Understanding local culture is essential to adapt products and services for sale in markets abroad.
Adapting products that work in one market, to the needs and whims of another, is rarely easy or linear. Take the transformation of the KitKat in Japan. For years it was a Western staple. But market testing revealed a unique set of taste buds. So the brand’s owner, Swiss consumer goods firm Nestlé, started to experiment. It now sells 15 unusual flavours of the iconic treat in the east-Asian country, ranging from grilled potato to cherry blossom and edamame bean to blueberry cheesecake.
Understanding how consumers and businesses tick in different markets is like a sedimentary layer – it builds up over time. Few companies get everything right on day one. “Entering any market, it’s safe to say that companies won’t have a perfect idea of what will and won’t work,” says Robin Pharaoh, a self-styled social anthropologist who helps companies research new markets.
Understanding the local market
One market might look like another, but be subtly different, as Tesco found to its cost when trying to sell packaged fruit to America’s touchy-feely consumers. The nuances of markets – China is a good example – may only be revealed as they become saturated, leading to a slow clear-out of weaker brands. But only by trying, and if necessary failing, can you ever get to grips with a new market.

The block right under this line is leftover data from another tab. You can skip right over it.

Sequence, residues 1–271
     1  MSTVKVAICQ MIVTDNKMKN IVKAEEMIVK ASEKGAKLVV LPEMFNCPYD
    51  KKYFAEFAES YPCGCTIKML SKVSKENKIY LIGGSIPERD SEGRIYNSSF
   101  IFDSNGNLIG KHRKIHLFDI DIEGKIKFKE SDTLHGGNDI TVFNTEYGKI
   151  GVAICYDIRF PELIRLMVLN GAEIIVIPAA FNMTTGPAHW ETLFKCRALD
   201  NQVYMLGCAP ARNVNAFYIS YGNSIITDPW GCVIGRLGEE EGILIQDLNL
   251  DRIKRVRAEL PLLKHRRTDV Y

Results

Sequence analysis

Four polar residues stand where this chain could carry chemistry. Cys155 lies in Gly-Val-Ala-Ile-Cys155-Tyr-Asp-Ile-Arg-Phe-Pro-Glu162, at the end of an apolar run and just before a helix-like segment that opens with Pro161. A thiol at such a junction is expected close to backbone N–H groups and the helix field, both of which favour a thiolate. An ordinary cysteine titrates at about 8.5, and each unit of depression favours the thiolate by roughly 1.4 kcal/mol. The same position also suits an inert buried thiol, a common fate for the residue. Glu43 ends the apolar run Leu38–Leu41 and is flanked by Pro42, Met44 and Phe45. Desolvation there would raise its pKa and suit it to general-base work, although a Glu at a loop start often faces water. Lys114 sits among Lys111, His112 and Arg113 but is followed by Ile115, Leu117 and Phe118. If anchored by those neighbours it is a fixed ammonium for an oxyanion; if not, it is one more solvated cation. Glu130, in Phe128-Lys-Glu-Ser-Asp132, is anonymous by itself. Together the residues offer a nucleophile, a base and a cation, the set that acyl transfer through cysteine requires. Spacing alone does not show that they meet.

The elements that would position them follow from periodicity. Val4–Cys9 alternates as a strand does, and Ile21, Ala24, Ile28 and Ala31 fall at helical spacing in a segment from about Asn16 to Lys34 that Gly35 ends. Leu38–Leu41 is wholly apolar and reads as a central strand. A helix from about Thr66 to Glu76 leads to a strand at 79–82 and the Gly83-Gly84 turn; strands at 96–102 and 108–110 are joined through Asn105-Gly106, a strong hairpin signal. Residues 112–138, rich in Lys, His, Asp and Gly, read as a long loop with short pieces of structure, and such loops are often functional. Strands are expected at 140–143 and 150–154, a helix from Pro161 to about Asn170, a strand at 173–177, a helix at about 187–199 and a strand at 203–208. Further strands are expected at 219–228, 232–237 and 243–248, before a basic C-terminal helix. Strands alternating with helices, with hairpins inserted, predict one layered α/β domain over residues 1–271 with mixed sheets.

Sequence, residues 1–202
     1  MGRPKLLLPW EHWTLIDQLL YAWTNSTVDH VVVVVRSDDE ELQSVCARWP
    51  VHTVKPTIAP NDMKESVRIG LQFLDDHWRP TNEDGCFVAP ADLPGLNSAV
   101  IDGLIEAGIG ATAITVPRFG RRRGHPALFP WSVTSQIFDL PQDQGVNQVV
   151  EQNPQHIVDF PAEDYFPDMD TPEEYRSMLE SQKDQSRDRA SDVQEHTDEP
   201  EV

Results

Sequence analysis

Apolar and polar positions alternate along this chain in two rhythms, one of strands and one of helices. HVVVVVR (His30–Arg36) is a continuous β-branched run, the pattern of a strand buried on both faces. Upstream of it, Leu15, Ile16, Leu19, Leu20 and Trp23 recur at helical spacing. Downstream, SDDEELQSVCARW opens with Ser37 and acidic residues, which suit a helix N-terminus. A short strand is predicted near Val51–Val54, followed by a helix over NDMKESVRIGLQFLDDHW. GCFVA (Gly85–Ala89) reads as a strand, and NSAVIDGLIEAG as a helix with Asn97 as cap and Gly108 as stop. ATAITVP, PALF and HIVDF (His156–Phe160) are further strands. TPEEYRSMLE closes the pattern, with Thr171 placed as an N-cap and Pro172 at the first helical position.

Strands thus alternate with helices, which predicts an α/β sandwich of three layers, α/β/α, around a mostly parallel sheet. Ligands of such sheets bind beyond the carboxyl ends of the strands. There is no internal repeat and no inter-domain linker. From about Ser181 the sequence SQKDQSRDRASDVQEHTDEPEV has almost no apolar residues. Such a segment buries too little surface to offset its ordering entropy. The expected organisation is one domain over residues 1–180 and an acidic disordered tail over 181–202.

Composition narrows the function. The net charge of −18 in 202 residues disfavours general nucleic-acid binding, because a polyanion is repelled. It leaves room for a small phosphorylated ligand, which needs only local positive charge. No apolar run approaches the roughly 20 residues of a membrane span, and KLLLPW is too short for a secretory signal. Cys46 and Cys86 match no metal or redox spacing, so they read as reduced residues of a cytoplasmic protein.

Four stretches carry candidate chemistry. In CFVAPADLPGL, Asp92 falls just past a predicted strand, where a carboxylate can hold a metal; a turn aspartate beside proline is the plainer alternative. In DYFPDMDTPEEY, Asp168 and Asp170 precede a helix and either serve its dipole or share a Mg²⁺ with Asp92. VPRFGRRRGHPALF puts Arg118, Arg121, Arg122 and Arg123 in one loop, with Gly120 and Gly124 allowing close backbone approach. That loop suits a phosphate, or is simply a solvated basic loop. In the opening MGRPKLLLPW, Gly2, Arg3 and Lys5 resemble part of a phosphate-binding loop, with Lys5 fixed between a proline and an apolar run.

Entering any market, it’s safe to say that companies won’t have a perfect idea of what will and won’t work
“My advice is to feel the fear and do it anyway,” says Graham Ewart, managing director of Direct Healthcare Services (DHS), a Caerphilly-based firm that exports specialty mattresses to Europe, Latin America and Asia. When entering a new country, Mr Ewart leads from the front. “It’s important to take responsibility, so I had to get out there myself and sell, sell sell,” he says.
Rarely does a genuinely strong brand need too much tweaking. It either works in a new market or it doesn’t. It is either loved and embraced by a different set of customers or it isn’t. But few brands can be replicated everywhere. The up-market crisp company Tyrrells, which generates 25 per cent of its revenue outside the UK, found that its top flavours worked everywhere. But the best sellers differed from one country to another.